Unpacking (XOne) - ReviewChristian Evans , posted on 19 November 2021 / 1,242 Views
I hate moving house, it’s nearly all stress, from the inevitable breakages, to putting your back out trying to jam a washing machine in a space that’s a millimetre too small. Fortunately, Unpacking does away with all these stressful elements; no heavy lifting or breaking things, and no rubbish to clear away. Everything unpacked just needs a place to go.
Describing itself as a ‘zen puzzle game’, Unpacking does exactly as the title suggests. Opening up in an isometric pixel art room, you unpack, one by one, all of an unseen character’s belongings, placing them as orderly as you see fit into household spaces to enable progress to a new house and new rooms. None of the usual puzzle gaming pillars exist of time limits, or scores to beat. Belongings often don’t have specific spots where you have to place them, although certain limitations exist on where, and what room, items can be left in to allow you to move on. For example, leaving a toaster in the bath tub would be frowned upon, though if desired even that element can be turned off in the accessibility options.
The zen puzzle element in play is itself a pleasant experience. It really is a slippers on, feet up, chilled out affair, though if anyone is watching you play as you stack those different sized books randomly, as opposed to the ‘correct’ method of descending height order left to right on the shelf, it may not be as relaxing as it should be. The Xbox controls are fine, and the stick speed can be adjusted if necessary, though it does seem it would be more suited to using mouse controls on PC.
The pixel art gives the whole experience a lovely nostalgic feel and is really well considered, allowing objects to be easily identifiable (albeit once or twice it was a slight struggle to do so), and thus an idea of where an item should probably be placed is pretty intuitive - though again, once or twice, I found the required item placement somewhat obtuse and needed a trial and error approach to progress. However, depending on fulfilling certain criteria, that approach may give the player new in-game art stickers available for use in photo mode.
The music, by Jeff van Dyck, is perfectly attuned to the style of the game, while the sound design is also on point, with soothing ambient noises of chirping birds, or the hum of outside traffic, interrupted only by our unpacking sounds of boxes tearing or the popping out of a frame, while clanks of cutlery and clinks of ceramic plates when stacked only add to the ambience.
In and of itself this would amount to a nice, but probably forgettable, experience. However, the genius move by developer Witch Beam is in attaching a young girl’s life to these belongings, as we almost voyeuristically dip into her story during eight house moves over a twenty year period, via thoughtful and clever environmental storytelling as her ‘unpacking ghost’. There's no big exposition drop; you get a changeable line of written dialogue alongside a photo of each move, which depends on the room you finish last. This frames the scene, while you tease out who she is and her story, sometimes from the house itself and sometimes from the belongings already in the house, combining any information you garner with her personal, and sometimes intimate, possessions that you unpack. You get a feel for what is important to her, the items that bring her nostalgic comfort, and as there is a certain ambiguity attached to most objects, I found myself inquisitively attributing little stories to certain trinkets like a small model of the Eiffel tower, which I imagined she picked up on a trip to Europe before starting university.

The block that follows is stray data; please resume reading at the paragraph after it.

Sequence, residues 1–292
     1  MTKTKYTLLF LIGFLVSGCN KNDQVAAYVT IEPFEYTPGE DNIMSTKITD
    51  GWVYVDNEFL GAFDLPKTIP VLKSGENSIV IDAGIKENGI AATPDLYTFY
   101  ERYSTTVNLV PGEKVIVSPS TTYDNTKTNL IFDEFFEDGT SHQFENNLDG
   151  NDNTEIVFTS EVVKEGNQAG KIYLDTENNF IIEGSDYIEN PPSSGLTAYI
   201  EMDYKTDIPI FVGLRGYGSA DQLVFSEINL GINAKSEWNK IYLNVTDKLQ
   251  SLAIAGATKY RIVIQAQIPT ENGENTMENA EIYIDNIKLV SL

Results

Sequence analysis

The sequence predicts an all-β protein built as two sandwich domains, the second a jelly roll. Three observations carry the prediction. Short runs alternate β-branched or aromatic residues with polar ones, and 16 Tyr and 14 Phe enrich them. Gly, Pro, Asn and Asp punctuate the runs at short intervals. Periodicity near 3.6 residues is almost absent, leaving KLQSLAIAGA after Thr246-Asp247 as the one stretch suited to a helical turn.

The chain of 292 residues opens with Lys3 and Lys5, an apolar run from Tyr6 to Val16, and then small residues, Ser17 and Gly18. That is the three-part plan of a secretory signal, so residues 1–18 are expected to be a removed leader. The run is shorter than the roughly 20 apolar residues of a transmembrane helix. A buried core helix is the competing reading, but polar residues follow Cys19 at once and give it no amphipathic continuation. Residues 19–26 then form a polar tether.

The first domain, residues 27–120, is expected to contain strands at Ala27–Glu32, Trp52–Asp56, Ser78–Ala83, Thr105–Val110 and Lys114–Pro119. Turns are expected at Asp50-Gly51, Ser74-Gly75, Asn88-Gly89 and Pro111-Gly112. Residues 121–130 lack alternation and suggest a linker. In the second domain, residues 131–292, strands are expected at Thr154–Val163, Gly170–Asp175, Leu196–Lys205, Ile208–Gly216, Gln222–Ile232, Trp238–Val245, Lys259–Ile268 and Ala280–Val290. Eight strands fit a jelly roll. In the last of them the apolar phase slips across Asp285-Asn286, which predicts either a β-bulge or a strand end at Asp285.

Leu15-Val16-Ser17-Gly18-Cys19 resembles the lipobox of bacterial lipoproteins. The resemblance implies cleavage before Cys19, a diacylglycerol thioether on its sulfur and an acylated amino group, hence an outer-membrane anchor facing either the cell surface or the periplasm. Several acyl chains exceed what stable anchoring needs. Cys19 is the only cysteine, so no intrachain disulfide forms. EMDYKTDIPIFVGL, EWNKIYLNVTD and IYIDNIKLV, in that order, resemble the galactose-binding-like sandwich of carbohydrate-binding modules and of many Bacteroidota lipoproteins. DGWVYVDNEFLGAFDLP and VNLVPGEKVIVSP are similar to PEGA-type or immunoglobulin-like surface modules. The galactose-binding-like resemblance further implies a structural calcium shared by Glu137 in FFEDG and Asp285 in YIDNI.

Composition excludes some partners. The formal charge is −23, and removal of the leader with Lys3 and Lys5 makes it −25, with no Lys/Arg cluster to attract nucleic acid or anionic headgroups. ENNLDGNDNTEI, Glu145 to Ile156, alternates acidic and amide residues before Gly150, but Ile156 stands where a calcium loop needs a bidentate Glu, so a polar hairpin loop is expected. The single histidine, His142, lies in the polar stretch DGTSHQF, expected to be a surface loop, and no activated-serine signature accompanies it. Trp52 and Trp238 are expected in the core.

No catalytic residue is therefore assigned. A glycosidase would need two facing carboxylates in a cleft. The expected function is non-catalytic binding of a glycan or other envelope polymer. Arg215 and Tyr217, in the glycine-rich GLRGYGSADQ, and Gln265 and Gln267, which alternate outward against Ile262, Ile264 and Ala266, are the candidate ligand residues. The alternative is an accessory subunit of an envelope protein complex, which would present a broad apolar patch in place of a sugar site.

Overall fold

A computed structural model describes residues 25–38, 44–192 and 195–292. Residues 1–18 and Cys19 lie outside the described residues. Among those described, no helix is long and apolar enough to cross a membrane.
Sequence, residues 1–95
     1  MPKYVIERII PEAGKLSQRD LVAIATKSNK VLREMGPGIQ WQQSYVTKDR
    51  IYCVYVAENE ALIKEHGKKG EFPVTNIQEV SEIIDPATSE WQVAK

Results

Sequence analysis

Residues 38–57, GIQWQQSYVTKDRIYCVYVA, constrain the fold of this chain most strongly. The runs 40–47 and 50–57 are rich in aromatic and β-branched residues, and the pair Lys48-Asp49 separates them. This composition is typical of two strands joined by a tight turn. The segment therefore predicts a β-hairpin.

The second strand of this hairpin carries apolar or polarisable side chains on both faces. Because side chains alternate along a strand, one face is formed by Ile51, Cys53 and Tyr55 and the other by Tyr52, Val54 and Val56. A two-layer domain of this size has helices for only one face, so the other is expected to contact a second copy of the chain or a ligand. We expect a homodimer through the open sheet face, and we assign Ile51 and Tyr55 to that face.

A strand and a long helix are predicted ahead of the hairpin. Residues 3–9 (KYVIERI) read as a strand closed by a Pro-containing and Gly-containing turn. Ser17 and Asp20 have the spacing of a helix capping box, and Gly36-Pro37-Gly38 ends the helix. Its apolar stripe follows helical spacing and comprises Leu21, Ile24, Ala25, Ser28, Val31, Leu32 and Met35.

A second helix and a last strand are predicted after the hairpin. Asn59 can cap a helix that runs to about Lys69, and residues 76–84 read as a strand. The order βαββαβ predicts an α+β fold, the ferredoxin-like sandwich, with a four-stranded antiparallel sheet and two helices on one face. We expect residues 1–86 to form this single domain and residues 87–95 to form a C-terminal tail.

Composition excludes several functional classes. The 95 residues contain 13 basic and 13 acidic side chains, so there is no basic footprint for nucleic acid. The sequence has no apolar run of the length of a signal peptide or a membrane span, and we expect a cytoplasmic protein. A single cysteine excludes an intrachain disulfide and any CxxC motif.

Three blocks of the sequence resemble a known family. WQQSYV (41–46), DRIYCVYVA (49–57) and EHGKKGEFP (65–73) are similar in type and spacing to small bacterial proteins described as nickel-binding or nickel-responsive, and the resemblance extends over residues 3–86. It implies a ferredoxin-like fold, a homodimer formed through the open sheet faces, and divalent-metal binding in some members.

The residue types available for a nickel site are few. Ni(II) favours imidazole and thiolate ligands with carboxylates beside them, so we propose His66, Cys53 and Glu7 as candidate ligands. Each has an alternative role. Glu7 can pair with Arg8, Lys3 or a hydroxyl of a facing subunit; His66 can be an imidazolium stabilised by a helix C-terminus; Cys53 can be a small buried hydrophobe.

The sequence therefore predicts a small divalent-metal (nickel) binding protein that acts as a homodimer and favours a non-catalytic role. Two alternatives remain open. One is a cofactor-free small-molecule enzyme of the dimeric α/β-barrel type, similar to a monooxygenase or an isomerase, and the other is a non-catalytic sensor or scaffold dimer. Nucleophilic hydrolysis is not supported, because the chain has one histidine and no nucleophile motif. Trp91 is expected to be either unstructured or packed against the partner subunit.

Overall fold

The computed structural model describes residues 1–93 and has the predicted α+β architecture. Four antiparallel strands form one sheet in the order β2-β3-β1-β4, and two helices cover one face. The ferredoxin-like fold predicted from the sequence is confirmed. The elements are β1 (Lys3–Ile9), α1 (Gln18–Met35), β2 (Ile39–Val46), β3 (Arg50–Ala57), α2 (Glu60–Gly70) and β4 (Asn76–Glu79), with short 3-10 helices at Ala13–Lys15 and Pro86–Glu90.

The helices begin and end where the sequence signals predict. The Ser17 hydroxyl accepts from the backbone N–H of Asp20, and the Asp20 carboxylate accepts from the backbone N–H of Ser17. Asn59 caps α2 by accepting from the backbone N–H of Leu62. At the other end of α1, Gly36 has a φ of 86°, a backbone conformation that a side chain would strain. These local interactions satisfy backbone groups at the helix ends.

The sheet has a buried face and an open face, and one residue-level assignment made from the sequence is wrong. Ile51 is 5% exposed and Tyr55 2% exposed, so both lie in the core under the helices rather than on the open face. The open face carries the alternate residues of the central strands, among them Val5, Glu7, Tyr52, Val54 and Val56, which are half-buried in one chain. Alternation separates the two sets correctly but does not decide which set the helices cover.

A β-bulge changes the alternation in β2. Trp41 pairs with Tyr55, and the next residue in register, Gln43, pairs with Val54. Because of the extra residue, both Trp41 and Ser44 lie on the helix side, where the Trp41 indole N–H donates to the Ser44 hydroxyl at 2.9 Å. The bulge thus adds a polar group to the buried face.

By the game's very nature, some repetition and patience is required of the player over its five hour or so runtime (give or take dependent on approach), as you unpack and place a fair amount of the same objects in consecutive houses, and while there was a point during playing where I found it mildly too repetitive, it does help define what value is placed on her belongings. The end result being to highlight new items when they appear and what they might signify, and when something has no longer been packed - perhaps lost, or left behind intentionally and discarded - you notice it.
Unpacking is a lovely game to play, a thoughtfully crafted experience where an empathetic approach rewards the player. Slight moments of repetition and occasional confusion don’t detract from a synergetic experience where there’s so much more to unpack than simple possessions.
This review is based on a digital copy of Unpacking for the XOne